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£4.25 million grant kick starts UK-wide effort to end MND

MND Scotland is part of a new collaborative partnership which has awarded £4.25 million to MND researchers.

£4.25 million grant kick starts UK-wide effort to end MND

Posted : 21/06/2022

We are delighted to be part of a group of charities and government research organisations, who have awarded £4.25 million to MND experts at six UK universities, to kick start collaborative efforts to end motor neuron disease (MND).

Thanks to our incredible fundraisers and donors MND Scotland has been able to invest £250,000 in the partnership, which will work together to find solutions to address problems currently hindering MND research and aims to make big progress towards the ambition of making MND treatable within years, not decades.

This new ‘MND Collaborative Partnership’ brings together people living with MND, charities MND Scotland, LifeArc, MND Association and My Name’5 Doddie Foundation, government bodies Medical Research Council (MRC) and National Institute for Health and Care Research (NIHR), with researchers from King’s College London, University of Sheffield, University of Liverpool, University College London, University of Oxford and University of Edinburgh.

Members of this new UK-wide MND research partnership will work together and pool their expertise over three years to:

  • coordinate research effort and deliver maximum impact for people with MND
  • develop better tests to measure MND progression and that allow doctors to compare different drugs
  • improve MND registers so doctors can collect detailed, high-quality data about the disease, and understand which patients are most likely to respond to a particular drug and therefore recommend them for the trials most likely to benefit them
  • support people to take part in clinical trials more easily
  • develop more robust lab tests and models of disease to enable scientists to test theories about the disease and a pipeline of potential therapeutic agents that could ultimately be used as MND treatments.

Together, we will also launch a major new study involving 1,000 people with MND from across the UK to better understand disease progression and how people respond to new and existing treatments.

Dr Jane Haley, MND Scotland's Head of Research, said"This is a very exciting moment for UK MND research and shows what can be achieved by working in partnership with our charity colleagues at MND Association, My Name’5 Doddie Foundation and LifeArc, as well as government funders. Thanks to the incredible fundraising by supporters of all these charities, together we have been able to fund an exceptional group of researchers, across 6 universities, who will work collaboratively to deliver a UK-wide integrated programme of MND research that seeks to accelerate the discovery of meaningful treatments for MND."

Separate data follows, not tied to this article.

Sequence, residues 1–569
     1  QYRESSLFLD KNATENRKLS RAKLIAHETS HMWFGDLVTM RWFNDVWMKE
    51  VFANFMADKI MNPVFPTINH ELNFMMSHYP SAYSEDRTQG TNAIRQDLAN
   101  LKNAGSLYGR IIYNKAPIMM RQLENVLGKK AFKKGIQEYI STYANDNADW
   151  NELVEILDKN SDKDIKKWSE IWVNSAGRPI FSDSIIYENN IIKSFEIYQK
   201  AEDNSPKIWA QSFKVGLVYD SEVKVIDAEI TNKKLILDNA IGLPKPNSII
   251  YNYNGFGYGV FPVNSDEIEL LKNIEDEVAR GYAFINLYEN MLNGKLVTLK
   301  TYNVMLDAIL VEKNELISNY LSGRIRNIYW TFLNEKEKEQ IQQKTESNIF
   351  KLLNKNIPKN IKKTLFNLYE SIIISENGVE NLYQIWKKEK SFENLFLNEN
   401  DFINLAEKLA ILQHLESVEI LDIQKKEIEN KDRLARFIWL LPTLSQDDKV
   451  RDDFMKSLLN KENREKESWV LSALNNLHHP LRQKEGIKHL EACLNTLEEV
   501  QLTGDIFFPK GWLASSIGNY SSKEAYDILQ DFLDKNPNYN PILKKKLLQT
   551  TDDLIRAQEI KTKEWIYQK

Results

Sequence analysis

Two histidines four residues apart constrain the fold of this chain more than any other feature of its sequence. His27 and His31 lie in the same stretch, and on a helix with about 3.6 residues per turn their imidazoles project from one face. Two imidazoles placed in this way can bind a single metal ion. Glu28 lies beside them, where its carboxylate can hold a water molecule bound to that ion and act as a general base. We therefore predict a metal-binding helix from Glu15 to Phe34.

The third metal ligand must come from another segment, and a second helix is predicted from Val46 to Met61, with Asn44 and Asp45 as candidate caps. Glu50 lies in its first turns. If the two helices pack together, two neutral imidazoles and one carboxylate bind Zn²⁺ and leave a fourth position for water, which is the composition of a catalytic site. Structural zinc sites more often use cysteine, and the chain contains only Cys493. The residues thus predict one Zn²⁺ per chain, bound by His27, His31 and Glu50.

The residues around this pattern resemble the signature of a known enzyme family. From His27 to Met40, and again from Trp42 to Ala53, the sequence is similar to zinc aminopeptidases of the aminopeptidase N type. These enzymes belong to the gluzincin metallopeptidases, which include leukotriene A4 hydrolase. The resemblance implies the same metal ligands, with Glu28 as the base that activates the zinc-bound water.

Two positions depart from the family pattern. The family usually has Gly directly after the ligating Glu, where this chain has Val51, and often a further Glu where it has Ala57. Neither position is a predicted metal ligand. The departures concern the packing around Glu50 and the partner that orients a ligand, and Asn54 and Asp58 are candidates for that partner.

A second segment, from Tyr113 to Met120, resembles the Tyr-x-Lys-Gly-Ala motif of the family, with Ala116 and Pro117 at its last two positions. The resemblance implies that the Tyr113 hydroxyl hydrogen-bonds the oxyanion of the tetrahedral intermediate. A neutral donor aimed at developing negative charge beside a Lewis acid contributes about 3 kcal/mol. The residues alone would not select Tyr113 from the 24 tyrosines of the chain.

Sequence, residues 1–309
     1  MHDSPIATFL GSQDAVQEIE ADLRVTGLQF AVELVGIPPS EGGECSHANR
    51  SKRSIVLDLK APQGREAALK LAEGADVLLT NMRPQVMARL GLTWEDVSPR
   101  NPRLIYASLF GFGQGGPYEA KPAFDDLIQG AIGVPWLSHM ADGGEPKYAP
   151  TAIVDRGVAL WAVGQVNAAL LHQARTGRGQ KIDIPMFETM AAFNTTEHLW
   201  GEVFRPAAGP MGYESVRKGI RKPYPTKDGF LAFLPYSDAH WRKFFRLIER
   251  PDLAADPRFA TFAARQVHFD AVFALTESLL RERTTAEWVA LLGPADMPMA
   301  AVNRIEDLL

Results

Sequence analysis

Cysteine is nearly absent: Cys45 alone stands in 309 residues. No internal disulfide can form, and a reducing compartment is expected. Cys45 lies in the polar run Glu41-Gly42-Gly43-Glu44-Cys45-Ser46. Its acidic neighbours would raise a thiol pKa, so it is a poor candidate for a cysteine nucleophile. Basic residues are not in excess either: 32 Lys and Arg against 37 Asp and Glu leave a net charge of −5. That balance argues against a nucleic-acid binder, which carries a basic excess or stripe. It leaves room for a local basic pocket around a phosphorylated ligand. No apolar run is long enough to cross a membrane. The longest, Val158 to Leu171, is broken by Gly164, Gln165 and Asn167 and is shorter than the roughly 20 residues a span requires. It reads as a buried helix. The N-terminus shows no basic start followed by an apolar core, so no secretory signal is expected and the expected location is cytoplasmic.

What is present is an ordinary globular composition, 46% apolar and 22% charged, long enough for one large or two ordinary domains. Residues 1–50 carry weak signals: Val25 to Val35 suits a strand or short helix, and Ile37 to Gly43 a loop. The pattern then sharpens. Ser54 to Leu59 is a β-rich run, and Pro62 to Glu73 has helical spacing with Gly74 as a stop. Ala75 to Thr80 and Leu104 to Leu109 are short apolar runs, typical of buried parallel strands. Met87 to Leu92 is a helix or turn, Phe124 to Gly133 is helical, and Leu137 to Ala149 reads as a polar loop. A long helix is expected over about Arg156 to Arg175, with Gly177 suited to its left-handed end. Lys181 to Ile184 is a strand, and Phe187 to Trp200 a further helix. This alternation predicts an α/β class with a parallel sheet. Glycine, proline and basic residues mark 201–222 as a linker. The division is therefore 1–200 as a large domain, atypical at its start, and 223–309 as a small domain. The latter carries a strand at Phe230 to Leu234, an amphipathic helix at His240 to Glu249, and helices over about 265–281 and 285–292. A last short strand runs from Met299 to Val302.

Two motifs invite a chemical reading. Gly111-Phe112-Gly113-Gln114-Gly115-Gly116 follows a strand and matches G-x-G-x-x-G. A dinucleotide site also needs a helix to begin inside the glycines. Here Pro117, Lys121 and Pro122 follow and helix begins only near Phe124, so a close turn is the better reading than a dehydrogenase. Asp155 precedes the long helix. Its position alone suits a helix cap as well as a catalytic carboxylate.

Professor Ammar Al-Chalabi, co-director of the research programme and Professor of Neurology and Complex Disease Genetics at King’s College London and Director of King’s MND Care and Research Centre said: “Our goal is to discover meaningful MND treatments within years, not decades. This landmark funding will bring the UK’s major MND research centres together for the first time in a coordinated national effort to find a cure. We now have a much better understanding of MND, so we must take this opportunity to accelerate development of new treatments and work together to move this knowledge into the clinic and help people affected by this devastating disease.”

David Setters, who is living with MND and has been involved in shaping the partnership said: 'We welcome this collaboration, which paves the way for the £50 million government investment promised in November 2021, focused on making the first meaningful treatments for MND available within years, instead of decades. It brings real hope to those of us living with MND to see our leading neuroscientists and charities coming together in this way. The prospect of easier access to clinical trials and the most promising therapies being fast-tracked gives us a much-needed boost and brings a real sense of purpose to the community.'

Health and Social Care Secretary Sajid Javid said: 'Motor neuron disease has a devastating impact on those who are diagnosed, their families and loved ones – but there is hope. This new partnership is a highly ambitious approach which will drive progress in MND research and, backed by £1 million of government funding, will bring the MND research community together to work on speeding up the development of new treatments. The collaboration across government, charities, researchers, industry and people with MND and their families will take us one step closer to one day achieving a world free from MND.' 

To read more about the partnership visit LifeArc, or to help us continue the search for a cure you can donate today

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“Thanks to the incredible fundraising by supporters of all these charities, together we have been able to fund an exceptional group of researchers, across 6 universities, who will work collaboratively to deliver a UK-wide integrated programme of MND research that seeks to accelerate the discovery of meaningful treatments for MND.”

Dr Jane Haley | Head of Research

Dr Jane Haley | Head of Research